Author Topic: Monte Carlo Simulation  (Read 4707 times)


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Re: Monte Carlo Simulation
« Reply #20 on: December 03, 2018, 07:19:20 AM »
MC is most useful for convergence testing for derivative pricing models. Little to no use in 'value investing'
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Re: Monte Carlo Simulation
« Reply #21 on: December 03, 2018, 01:51:21 PM »
It sounds sort of reasonable, but I think there are plenty of cases were you aren't totally aware of the potential variance in outcomes before doing the simulation. You take some quick and easy mental short cuts and you decide it's a low risk thing that should work out in most cases. No Monte Carlo simulation needed. Right?

If you aren't totally aware of the potential variance in outcomes, how can you even reasonably make an assumption in how the outcomes are distributed?  If you are going to use Monte Carlo, you must normally make some assumption about the distribution from which you wish to make your random draws.  Some people automatically assume that a standard normal distribution should be used, but that's a bad assumption (could be log normal, could be poisson, could be some other non-symmetric distribution, could be anything, who knows).

Heavens, didn't LTCM go bust mostly because they failed to consider the possibility that their distribution of returns might be leptokurtic?  They went bust because of the fourth moment of the distribution, let alone the issue of appropriately characterizing the first two moments.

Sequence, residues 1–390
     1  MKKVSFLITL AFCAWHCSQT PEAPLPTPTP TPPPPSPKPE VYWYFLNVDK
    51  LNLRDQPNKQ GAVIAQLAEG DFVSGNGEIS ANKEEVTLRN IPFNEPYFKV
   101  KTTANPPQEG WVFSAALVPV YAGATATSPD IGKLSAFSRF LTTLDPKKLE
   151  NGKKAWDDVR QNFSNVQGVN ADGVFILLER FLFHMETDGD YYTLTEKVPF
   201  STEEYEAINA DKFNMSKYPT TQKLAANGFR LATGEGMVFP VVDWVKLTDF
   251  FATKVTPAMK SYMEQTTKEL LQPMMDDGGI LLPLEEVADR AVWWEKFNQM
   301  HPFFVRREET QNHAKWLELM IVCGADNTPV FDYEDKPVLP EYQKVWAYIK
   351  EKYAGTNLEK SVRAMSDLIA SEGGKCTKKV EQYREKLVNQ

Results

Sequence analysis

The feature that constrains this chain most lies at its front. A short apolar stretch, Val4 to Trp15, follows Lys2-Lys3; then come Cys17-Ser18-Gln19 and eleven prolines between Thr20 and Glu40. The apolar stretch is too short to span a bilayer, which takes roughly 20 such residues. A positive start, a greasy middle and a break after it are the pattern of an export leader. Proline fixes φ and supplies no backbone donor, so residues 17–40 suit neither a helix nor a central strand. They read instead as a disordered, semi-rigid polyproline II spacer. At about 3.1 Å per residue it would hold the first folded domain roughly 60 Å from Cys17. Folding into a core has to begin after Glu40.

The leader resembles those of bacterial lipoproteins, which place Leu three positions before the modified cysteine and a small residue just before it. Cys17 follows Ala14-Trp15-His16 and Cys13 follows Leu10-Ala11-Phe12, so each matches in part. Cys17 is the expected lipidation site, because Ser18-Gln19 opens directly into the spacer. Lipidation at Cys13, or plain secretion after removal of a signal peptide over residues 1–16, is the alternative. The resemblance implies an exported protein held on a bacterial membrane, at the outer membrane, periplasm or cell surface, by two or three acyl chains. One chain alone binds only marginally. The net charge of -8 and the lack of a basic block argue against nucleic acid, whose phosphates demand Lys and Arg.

For investing, if I need to model something, I usually chuck it into the too hard pile.  For me, value should be obvious and I mostly I don't even bother with a DCF model.  The only purpose for which I've ever bothered to use Monte Carlo in my personal life is to help me thing about portfolio survival during the withdrawal phase in life.  For that purpose, it's quite an instructive tool because it shows clearly the nature of sequence of return risk, even if that risk is poorly parameterized.



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Re: Monte Carlo Simulation
« Reply #22 on: December 03, 2018, 02:08:05 PM »
Great continued input.  Just for the record, I had to google the definition and pronunciation of Leptokurtic.   ;) ;D  Learning something new every day.
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Re: Monte Carlo Simulation
« Reply #23 on: December 04, 2018, 11:40:52 AM »
Great discussion everyone.  You have exceeded my expectations.  Everyone gets 6 Golden Unicorns for participating and/or reading  [scratch that, make it 7, you all deserve 7 Golden Unicorns!  I am being generous.]

Seriously now, does anyone have a recommendation for a software or a website to run some Monte Carlo simulations?  Please tell me that I don't have to be a Computer Science major in order to make it work.  I would prefer it to be easy enough for a dumb American from Virginia to operate.

Thanks in advance!

I faintly remember Prof Damodaran mentioning a Crystal Ball add-in to Excel that has to be purchased separately.